After tracing the original stem onto a piece of white paper that I rubber-cemented onto some boxwood stock, I cut out the new stem on the scroll saw (I used a 28 tpi blade).  Here’s the rough cut new piece in the vise being preddied up with a small file.

 

                   post-1223-0-30890600-1395586157.jpg

 

The new stem next to the kit-supplied version for comparison.

 

                   post-1223-0-69094900-1395586240.jpg
Hmm, maybe a touch more filing along the inner line there?

 

Here it is smoothed out, with the jointing lines drawn in (if you squint, you’ll see ‘em).  

 

                     post-1223-0-72118000-1395586338.jpg

I’ve also drilled the holes.  And. . .

 

                     post-1223-0-68846000-1395586421.jpg

I cut along the pencilled lines for the simulated jointing.


The new stem attached to the hull:

                      post-1223-0-07097400-1395586582.jpg

 

Here you can see that I cut a rabbet to follow that of the hull: I free-handed a line in pencil, cut it lightly with an exacto, then used a small ( 5/32") skew to cut the actual rabbet.  – You can just see the skew off to the right.

 

                      post-1223-0-64825900-1395586607.jpg

 

That bit that broke off is still missing off, primarily because I kept forgetting that it also needed hole drilled into it, so it’ll just have to wait till this evening (it also needs just a skosh or two of fine tuning).


And now to the back.  I spent a few days looking at the early pages of build logs for other Flys and Pegasuses to get a sense of what to cut and how much.  In the end, it’s not at all difficult – at least so far.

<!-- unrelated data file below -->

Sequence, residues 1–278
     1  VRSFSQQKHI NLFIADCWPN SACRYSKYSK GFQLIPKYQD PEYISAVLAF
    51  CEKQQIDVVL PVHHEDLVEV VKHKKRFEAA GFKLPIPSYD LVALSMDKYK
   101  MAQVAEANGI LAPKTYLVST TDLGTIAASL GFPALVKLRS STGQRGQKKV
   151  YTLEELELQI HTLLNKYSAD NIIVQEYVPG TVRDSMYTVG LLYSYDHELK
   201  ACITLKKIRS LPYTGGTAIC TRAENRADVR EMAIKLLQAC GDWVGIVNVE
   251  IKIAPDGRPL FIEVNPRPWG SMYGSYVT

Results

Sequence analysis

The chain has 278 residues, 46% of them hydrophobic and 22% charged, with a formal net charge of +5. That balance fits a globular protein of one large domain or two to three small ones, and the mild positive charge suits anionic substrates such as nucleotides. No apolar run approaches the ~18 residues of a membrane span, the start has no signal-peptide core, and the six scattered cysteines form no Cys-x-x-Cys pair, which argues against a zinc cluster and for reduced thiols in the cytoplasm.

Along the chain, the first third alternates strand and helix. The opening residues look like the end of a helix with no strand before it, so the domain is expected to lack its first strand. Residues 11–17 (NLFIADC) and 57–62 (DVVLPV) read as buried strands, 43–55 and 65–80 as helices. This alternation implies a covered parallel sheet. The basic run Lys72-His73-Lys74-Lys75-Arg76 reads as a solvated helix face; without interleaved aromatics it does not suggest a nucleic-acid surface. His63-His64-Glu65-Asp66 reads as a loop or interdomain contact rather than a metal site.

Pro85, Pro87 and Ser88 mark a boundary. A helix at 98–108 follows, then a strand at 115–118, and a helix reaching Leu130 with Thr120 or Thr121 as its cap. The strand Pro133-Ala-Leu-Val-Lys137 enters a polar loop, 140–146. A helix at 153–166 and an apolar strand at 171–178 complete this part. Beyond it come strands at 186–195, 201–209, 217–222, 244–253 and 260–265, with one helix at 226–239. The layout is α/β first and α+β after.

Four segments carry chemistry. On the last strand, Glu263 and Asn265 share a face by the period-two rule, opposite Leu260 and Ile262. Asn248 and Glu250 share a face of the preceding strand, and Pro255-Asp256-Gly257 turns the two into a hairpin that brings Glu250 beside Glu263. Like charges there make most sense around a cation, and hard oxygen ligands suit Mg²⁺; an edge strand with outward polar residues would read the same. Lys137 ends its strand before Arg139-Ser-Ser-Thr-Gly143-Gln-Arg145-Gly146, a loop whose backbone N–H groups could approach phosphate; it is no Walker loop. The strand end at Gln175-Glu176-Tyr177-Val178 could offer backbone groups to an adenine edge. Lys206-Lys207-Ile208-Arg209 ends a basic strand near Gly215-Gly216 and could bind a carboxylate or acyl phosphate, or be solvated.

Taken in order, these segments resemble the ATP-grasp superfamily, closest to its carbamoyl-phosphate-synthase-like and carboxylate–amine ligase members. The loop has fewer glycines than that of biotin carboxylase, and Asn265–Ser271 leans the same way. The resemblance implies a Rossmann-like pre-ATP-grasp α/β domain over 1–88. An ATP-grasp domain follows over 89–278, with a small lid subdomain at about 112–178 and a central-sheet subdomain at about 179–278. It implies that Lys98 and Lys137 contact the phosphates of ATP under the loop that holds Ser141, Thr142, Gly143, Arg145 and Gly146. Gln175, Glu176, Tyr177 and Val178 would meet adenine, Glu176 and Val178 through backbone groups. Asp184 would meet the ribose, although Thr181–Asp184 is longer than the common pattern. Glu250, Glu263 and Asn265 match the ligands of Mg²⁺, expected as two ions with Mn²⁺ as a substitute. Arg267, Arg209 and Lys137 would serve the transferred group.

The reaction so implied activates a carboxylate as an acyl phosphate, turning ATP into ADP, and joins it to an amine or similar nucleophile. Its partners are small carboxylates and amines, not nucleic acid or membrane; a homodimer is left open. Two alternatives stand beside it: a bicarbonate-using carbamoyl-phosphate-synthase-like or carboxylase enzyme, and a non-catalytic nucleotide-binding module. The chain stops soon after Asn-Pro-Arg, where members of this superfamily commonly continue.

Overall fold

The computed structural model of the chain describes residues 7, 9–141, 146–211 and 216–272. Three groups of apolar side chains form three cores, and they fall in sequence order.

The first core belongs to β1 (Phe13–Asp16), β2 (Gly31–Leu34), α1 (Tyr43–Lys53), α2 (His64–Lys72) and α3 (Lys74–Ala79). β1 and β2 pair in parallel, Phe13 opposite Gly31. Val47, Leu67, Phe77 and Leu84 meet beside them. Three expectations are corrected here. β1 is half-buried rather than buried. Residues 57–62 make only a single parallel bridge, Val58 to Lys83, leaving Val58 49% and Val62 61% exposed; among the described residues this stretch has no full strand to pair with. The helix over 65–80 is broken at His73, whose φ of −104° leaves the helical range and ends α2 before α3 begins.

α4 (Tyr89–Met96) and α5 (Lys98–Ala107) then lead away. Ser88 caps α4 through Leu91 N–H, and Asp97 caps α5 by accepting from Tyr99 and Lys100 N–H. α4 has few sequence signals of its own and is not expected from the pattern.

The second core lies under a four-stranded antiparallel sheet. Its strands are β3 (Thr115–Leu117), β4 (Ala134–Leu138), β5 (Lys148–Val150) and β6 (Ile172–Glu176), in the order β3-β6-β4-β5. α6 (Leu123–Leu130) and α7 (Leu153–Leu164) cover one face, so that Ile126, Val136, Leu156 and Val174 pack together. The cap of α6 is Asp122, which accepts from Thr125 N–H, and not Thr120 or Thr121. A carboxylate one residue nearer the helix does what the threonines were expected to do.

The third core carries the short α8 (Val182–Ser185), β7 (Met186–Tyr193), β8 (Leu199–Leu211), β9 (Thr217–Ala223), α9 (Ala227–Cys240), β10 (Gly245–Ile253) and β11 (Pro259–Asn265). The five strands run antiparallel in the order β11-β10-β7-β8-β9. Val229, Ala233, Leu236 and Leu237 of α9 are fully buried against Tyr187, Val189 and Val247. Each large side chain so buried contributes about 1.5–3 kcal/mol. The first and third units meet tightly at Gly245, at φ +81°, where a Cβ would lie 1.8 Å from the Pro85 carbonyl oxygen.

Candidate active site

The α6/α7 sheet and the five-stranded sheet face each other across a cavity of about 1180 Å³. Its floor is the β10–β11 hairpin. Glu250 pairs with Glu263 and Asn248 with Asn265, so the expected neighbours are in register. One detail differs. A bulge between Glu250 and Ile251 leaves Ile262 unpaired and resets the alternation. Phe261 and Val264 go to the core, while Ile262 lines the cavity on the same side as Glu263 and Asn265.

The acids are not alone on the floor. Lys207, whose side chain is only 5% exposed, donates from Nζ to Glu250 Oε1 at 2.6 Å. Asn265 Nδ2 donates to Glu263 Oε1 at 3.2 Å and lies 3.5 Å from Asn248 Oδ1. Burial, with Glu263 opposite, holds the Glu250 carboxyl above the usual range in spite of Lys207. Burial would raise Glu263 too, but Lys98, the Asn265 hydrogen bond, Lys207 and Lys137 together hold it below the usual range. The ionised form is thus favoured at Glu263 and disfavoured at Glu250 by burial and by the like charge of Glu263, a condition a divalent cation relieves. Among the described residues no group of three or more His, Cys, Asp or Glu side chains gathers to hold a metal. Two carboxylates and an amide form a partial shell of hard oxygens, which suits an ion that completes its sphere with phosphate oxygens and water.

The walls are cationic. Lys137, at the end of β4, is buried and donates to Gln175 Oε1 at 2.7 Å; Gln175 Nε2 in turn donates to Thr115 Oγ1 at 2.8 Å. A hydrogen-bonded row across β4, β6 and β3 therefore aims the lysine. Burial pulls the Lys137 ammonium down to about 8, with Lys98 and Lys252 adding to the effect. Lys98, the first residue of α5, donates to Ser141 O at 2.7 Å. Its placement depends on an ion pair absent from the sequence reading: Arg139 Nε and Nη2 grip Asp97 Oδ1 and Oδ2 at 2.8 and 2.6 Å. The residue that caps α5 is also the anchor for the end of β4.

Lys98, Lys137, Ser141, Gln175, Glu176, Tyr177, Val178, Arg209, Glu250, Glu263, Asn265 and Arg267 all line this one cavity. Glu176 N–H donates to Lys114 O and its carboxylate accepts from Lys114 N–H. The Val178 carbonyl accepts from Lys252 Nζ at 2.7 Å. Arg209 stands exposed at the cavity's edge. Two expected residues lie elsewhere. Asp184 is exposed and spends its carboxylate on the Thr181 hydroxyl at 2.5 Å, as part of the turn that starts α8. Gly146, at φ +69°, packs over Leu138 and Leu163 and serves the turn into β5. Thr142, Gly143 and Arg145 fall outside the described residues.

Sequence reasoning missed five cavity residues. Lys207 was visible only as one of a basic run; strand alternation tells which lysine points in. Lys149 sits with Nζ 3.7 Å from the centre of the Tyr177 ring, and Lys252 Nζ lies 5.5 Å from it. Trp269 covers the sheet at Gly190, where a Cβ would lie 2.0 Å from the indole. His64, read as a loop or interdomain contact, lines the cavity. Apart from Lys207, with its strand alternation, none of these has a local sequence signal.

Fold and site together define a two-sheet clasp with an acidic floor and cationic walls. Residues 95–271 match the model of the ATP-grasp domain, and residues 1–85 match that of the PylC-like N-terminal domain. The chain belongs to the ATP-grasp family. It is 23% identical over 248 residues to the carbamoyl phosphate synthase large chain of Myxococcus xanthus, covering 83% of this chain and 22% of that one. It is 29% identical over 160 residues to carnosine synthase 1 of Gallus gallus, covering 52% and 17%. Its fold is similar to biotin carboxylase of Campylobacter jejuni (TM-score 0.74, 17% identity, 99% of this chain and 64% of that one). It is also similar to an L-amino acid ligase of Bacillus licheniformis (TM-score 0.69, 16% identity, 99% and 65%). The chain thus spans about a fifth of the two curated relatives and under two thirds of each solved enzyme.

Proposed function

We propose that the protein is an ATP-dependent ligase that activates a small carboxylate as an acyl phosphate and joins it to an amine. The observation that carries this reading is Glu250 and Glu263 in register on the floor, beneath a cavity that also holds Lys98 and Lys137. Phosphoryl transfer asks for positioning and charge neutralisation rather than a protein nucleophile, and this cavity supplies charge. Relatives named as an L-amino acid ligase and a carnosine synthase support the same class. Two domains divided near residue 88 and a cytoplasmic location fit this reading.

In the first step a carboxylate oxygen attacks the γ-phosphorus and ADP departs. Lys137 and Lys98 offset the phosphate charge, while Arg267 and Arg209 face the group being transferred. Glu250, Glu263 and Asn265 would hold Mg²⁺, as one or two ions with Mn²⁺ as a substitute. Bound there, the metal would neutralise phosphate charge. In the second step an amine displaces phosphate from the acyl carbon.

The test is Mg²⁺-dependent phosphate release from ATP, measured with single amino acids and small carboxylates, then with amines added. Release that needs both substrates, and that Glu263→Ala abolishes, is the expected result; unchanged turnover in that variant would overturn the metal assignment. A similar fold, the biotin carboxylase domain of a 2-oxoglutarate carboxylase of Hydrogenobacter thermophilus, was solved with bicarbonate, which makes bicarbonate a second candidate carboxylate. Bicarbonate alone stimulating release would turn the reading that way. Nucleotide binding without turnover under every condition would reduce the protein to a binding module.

Here’s bulkhead #12, which as supplied in the kit would cut across the middle of the Cabin.

                              post-1223-0-78378900-1395586746.jpg

I traced the inner lines of #11, and then measure the bottom line from where the deck will theoretically go.

 I might also mention that I cut the thick plywood on the scroll saw with a 15tpi blade.

And now, here’s the false deck, with the bulkheads glued in place, ready to be fitted onto the keel.

 

                          post-1223-0-85060500-1395587125.jpg
This step took several trial runs, since the fits are all very snug, and required at least some filing (usually very little).  Once I got everything set on and squared, I committed myself to glue.  

Unlike the previous 2 builds I’ve done, the design on the Amati Fly has the false deck holding the bulkheads into place.  There seems to be little chance of the individual bulkheads slipping out of square, so the actual glue-up goes much faster.

Next, I guess it will be time to cut some balsa fillers.

Cheers,

Martin

 

                              
 






 

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Greetings -- It's been a few weeks since my last posting, but only because I've spent my time in the boatyard (and the backyard) instead of my computer room.

 

After setting all the other bulkheads in place, I trial-fitted the stern extensions, just to get a sense of their purpose, and how they'll look:

 

 

                    post-1223-0-64920100-1396626337.jpg

 

I didn't attach them, because they looked pretty precarious.  I actually haven't glued #13 on yet either, just because i want to get as much work done as possible before setting it in permanently.